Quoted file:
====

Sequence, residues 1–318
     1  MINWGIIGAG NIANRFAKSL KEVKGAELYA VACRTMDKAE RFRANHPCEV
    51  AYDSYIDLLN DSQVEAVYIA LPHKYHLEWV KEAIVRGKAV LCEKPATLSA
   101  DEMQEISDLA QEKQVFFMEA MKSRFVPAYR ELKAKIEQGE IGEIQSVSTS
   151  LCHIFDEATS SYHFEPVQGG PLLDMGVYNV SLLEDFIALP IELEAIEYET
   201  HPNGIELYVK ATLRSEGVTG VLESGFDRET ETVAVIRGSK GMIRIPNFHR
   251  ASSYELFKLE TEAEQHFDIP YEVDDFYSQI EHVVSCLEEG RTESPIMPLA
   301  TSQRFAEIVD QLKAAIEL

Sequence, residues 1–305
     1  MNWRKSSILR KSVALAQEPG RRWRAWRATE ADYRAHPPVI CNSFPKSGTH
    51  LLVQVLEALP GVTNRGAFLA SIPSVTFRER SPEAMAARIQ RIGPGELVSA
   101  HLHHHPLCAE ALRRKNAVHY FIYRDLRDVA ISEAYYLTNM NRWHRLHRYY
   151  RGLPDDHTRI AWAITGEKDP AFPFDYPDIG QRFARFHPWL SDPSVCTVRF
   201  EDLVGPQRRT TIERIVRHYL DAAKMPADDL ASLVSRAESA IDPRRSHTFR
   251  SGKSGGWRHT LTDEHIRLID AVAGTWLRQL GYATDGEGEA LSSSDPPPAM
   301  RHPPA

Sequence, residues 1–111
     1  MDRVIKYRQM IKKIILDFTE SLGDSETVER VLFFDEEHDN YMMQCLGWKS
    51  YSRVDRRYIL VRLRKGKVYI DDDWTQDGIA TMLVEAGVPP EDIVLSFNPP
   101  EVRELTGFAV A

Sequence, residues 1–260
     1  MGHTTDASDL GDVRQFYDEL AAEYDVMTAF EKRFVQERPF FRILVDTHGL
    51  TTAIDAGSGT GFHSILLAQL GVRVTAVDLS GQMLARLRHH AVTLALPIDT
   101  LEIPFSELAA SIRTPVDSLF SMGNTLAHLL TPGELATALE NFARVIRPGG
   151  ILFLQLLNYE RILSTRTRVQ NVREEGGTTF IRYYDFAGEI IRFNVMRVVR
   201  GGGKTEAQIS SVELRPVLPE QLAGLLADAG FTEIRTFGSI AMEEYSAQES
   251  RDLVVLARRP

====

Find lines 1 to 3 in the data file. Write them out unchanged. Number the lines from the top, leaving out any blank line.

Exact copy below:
Sequence, residues 1–318
     1  MINWGIIGAG NIANRFAKSL KEVKGAELYA VACRTMDKAE RFRANHPCEV
    51  AYDSYIDLLN DSQVEAVYIA LPHKYHLEWV KEAIVRGKAV LCEKPATLSA